What is the difference between reputation and character? Which is more important? Ultimately, our character should be the foundation of our reputation.
In Part One, we saw that our character is who we are in God's estimation, since only He truly knows us. Our reputation, on the other hand, is what other people ...
We all know that obedience to God's moral laws, His statutes, and His judgments brings us great benefits. We also know that, by knowing and then living within the framework of what God has revealed to us, ...
James Beaubelle, reminding us that obedience to God's commandments brings rewards, and that God's Law perfects and converts the soul, affirms that godly character develops more quickly when we humbly obey Him, yielding to His prompts. None of us are born w. . .
Names not only identify but they also arouse associations—sometimes good, sometimes bad. David Maas explains the biblically, a person's name held his reputation, a thing to be guarded and enhanced through godly living.
John Ritenbaugh, focusing on the 1953 feature-length motion picture starring Alan Ladd as Shane, an enigmatic gunslinger who rides into a small Wyoming town, in hoping of settling down and escaping his past. Soon, he is forced to take sides in a land war b. . .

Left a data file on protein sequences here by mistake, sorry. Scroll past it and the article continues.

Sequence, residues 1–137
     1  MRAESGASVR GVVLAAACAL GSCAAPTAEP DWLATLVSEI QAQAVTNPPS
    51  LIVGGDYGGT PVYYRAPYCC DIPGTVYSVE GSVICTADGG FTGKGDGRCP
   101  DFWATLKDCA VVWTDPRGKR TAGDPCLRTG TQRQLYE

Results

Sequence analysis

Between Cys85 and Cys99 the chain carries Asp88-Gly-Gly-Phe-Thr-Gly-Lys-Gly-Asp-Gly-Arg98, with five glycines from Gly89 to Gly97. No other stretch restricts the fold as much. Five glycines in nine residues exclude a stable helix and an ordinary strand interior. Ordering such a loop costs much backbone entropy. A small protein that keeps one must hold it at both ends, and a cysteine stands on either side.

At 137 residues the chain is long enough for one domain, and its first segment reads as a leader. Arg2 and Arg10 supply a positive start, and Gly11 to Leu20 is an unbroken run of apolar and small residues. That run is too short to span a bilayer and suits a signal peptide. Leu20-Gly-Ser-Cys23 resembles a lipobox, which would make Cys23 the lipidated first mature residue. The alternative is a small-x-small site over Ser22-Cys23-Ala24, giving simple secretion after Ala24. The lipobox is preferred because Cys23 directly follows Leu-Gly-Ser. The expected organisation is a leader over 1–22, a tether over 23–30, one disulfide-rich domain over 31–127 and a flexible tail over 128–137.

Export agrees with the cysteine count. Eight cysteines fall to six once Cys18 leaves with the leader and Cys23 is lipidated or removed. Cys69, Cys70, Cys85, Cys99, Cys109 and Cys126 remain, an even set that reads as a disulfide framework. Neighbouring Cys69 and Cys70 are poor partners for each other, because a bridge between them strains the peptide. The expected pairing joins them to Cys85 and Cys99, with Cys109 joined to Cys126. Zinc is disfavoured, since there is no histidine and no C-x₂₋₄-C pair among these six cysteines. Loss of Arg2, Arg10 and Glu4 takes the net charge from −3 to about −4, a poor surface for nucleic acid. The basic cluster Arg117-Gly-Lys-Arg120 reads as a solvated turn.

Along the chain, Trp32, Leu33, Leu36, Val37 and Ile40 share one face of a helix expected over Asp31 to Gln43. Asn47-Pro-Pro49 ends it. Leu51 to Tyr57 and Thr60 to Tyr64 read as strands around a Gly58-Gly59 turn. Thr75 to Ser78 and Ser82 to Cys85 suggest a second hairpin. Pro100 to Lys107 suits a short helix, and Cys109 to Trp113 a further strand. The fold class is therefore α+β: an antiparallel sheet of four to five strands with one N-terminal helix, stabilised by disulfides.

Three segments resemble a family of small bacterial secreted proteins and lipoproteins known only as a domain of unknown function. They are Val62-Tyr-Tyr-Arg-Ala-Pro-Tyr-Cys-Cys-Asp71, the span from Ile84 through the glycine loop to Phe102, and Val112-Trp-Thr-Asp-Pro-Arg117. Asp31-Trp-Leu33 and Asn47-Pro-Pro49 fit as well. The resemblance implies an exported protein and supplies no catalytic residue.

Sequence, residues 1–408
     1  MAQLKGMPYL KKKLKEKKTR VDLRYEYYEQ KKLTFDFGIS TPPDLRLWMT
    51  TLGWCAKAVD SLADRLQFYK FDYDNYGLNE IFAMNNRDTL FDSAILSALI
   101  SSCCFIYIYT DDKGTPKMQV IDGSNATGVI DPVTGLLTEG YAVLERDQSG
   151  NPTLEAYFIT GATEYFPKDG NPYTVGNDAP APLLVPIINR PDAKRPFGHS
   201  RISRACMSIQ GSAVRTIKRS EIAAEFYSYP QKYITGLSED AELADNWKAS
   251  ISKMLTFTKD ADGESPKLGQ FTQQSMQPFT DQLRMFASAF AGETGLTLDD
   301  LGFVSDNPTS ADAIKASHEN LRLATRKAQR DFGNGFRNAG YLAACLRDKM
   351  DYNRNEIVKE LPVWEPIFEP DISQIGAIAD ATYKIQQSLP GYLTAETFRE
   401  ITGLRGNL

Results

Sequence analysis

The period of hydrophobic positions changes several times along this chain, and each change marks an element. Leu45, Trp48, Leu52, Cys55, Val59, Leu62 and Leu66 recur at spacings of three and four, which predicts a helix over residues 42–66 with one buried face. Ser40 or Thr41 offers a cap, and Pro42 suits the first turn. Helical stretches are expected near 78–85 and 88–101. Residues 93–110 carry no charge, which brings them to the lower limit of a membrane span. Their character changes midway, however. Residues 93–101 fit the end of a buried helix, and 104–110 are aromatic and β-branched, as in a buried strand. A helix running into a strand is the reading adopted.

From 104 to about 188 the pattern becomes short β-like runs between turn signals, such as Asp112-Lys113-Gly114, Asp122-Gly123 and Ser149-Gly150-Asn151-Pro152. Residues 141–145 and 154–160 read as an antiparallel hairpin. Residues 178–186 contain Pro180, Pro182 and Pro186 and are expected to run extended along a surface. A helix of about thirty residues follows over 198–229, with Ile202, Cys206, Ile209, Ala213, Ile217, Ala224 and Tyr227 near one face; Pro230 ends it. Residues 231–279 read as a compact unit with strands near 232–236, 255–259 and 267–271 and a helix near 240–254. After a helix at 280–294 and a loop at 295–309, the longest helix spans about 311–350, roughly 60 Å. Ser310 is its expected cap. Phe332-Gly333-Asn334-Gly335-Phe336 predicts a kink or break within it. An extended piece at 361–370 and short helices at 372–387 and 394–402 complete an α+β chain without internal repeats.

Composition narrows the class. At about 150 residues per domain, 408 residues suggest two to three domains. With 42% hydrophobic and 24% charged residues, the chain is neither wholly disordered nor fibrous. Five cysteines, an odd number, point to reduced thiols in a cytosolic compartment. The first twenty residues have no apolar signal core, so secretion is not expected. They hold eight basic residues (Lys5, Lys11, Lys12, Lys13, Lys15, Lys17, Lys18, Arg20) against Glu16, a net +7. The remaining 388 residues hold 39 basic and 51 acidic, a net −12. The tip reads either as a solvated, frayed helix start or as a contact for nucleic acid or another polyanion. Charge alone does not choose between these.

We cannot measure how much evil the tongue has perpetrated, for falsehoods disguised as truth have destroyed reputations and even nations.
The world is so full of lying and other forms of deceit that 'bearing false witness' has become a way of life for the vast majority of humanity.
John Ritenbaugh reiterates that satisfaction in life does not derive from material things or wealth, by instead from an eternal relationship with God who has given us abundant spiritual gifts which we must reciprocate by developing skill in living from usi. . .
We must embody truth as did Jesus Christ, absolutely refusing to bear false witness in our words, our behavior, and our cumulative reputation.
A community can only be established upon a foundation of stability and truth. Our relationships must be based upon God's truth, producing faithfulness.
Along with the central paradox of Ecclesiastes 7, the chapter emphasizes the importance of an individual's lifelong search for wisdom.
John Ritenbaugh, reflecting that Ecclesiastes 7 contains some of the most significant concepts applicable to the Christian religion, identifies them as follows: (1) A good name or reputation (based on trust, responsibility, or dependability) is better than. . .
Many singles have found dating in the church difficult, consequently turning to the world for companionship, courting dangerous consequences.
Many think the third commandment deals only with euphemisms and swearing, but it goes much deeper. It regulates the quality of our worship and glorifying God.
John Reid, urging all of us to become worthy representatives of God's way of life, maintains that we as Christians have the obligation or responsibility to provide a light or shining example in a world that generally hates God's way. Like physical salt, we. . .
Martin Collins points out that our Savior has a tender spot for those who are weak in the faith but are doggedly struggling to hold fast to what they believe. People sometimes unfairly brand others who display a one-time weakness, as in the case of "D. . .
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